Pebble Beach, USGA a match made in heaven
Tuesday, February 15, 2011
PEBBLE BEACH, Calif. – Certainly, you don’t get the sensation walking off of the first tee. It starts to creep in as you approach the second green, and by the time you’re walking down the third fairway, you are hooked.
Then, somewhere along the walk between holes 4 through 10, it hits you: How in the name of Horace Rawlins did it take until 1972 for the U.S. Open to land at Pebble Beach?
Now we know the U.S. Golf Association had knowledge that such a course existed. After all, the 1929 U.S. Amateur was held there. But for whatever the reason – payback for ‘29 when Bobby Jones (gasp!) lost in the first round, the fact that there was such an East Coast bias and the USGA didn’t know golf courses existed west of Inverness or Canterbury, that troublesome three-hour time difference, or bad directions out of San Francisco – it took until the national championship was in its 72nd edition and Sansabelt was the rage to get the blue blazers to put the U.S. Open into this corner of Monterey Peninsula.
That’s the sad news.
But the good news: Once it found Pebble, the USGA realized there wasn’t anywhere better to play the national open. Thus has Pebble Beach become to the U.S. Open what St. Andrews is to the Open Championship – that is, a pilgrimage of sorts, a major championship that simply is more special than all others.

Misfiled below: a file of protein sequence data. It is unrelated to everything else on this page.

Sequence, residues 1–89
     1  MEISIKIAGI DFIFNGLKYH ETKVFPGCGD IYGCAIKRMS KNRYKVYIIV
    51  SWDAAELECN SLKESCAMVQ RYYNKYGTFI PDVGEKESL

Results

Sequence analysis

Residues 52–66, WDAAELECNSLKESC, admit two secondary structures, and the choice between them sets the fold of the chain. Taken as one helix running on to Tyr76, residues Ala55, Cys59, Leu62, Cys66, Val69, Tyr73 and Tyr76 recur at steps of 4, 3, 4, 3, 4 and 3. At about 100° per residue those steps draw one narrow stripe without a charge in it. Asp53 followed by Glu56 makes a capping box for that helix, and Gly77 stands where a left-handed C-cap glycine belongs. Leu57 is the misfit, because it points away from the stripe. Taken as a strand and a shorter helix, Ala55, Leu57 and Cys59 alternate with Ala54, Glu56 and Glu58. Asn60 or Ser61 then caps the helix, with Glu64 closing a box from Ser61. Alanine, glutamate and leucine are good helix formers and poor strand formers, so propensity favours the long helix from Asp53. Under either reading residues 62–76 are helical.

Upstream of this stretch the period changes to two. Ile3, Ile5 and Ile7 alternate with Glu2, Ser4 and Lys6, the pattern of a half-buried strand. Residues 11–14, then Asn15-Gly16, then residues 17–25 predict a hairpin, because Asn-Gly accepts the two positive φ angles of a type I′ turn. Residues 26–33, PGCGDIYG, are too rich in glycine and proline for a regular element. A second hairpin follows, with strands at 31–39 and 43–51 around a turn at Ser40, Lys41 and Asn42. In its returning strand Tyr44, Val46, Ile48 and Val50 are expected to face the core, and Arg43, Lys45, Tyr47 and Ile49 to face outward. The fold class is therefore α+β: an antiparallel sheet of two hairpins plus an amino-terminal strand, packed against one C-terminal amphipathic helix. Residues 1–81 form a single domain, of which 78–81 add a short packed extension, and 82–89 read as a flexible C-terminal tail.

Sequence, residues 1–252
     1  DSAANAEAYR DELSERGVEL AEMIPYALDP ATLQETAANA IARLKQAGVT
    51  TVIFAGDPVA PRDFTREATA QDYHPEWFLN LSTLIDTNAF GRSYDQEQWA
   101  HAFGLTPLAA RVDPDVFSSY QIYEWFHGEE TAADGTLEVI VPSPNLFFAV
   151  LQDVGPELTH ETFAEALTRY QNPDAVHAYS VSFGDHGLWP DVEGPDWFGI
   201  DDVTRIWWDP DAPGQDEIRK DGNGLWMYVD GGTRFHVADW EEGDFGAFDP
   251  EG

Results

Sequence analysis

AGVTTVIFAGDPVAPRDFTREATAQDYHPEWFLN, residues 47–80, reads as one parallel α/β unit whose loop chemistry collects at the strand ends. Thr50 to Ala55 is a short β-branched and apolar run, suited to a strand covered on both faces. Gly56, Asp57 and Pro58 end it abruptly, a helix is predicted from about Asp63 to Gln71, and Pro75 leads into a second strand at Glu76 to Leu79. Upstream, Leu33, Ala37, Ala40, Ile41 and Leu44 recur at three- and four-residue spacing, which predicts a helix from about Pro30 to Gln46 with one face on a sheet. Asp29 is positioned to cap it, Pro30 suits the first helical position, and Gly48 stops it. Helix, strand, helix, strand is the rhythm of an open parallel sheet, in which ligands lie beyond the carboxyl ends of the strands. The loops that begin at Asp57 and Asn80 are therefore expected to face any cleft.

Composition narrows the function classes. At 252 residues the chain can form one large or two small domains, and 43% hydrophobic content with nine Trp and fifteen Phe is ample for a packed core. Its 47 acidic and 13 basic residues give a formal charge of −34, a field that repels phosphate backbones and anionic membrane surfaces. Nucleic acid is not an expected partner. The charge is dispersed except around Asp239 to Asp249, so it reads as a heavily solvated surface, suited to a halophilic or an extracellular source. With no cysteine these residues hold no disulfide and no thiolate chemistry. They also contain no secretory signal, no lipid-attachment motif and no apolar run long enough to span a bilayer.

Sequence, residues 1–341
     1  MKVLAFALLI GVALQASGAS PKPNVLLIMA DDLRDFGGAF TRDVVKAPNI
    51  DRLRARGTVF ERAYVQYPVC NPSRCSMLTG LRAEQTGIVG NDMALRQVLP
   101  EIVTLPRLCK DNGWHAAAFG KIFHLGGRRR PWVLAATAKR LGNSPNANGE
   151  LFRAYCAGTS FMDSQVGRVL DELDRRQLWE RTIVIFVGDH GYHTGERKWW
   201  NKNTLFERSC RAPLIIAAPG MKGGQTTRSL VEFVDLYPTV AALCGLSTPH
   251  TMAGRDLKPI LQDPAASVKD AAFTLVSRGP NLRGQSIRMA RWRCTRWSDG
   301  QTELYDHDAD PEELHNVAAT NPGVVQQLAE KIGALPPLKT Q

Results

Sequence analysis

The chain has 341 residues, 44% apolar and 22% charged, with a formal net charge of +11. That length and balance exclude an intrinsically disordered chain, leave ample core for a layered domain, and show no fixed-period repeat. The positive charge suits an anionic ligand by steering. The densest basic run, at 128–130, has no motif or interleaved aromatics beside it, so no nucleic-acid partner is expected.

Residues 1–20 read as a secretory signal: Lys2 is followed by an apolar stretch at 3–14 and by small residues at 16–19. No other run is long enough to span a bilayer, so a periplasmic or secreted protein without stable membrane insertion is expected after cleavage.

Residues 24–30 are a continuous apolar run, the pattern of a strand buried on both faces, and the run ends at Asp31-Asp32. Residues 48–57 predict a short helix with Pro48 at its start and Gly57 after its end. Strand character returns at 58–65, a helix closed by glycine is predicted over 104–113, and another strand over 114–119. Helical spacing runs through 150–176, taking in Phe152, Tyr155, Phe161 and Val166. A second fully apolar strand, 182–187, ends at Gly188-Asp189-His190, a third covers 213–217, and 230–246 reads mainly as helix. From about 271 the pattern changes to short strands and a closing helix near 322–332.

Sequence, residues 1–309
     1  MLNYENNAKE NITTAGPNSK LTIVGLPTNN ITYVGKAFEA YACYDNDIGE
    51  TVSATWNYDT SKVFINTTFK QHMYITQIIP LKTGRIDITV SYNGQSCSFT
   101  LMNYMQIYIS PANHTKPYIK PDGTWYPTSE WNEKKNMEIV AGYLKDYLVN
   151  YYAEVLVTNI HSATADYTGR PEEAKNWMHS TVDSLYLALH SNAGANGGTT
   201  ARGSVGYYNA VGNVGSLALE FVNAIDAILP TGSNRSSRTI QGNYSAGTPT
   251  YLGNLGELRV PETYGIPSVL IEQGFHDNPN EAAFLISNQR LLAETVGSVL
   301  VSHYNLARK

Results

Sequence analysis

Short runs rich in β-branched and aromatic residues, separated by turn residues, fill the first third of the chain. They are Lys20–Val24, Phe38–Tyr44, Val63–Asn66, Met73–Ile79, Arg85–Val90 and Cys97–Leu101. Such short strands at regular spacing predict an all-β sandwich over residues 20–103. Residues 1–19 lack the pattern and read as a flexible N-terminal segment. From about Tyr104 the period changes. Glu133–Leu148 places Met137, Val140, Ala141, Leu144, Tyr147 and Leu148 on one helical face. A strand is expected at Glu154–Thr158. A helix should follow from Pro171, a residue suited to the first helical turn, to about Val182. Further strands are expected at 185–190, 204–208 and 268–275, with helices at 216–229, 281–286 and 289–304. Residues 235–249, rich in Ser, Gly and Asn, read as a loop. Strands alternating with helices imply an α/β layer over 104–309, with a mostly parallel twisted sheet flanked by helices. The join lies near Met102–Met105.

How magical has the connection between the U.S. Open and Pebble Beach become? Consider that a few weeks before last summer’s U.S. Open was to be held at Pebble, a small dinner gathering – three USGA types, three Pebble officials – was being held when someone mentioned that in 2019, Pebble Beach would celebrate its 100th birthday.
“Some harmonic convergence was going on in that room,” said R.J. Harper, a senior vice president of the Pebble Beach Co. who doubles as chairman whenever the U.S. Open is held there.
Said Bill Perocchi, Pebble Beach’s chief executive officer: “It’s like a light went on in the room.”
That’s because all six gentlemen arrived at the same thought: Pebble Beach’s 100th birthday party had to include the 2019 U.S. Open. They reached a tentative agreement “and here we hadn’t even hit a shot in the 2010 U.S. Open,” Perocchi said.
But, oh, what symmetry. After all, Pebble Beach had hosted the 100th playing of the U.S. Open, in 2000, so why wouldn’t the USGA bring its championship there to celebrate Pebble’s centennial? The news was made public last June, the day before the U.S. Open began, and papers were recently signed. The deal also includes playing host to the U.S. Amateur in 2018, but what it essentially cements is a thought process embraced by so many in the game: that Pebble is America’s most iconic golf course and should be the stage for many U.S. Opens.
“I’d love to see it here every five or six years,” said Brad Faxon, who played in the 1982, ‘92, and ‘00 U.S. Opens at Pebble. Though honored by such a compliment, Perocchi and Harper know that’s a little much. But when 2019 rolls around, Pebble Beach will be hosting its sixth U.S. Open. Since 1972, no other course has been used more often.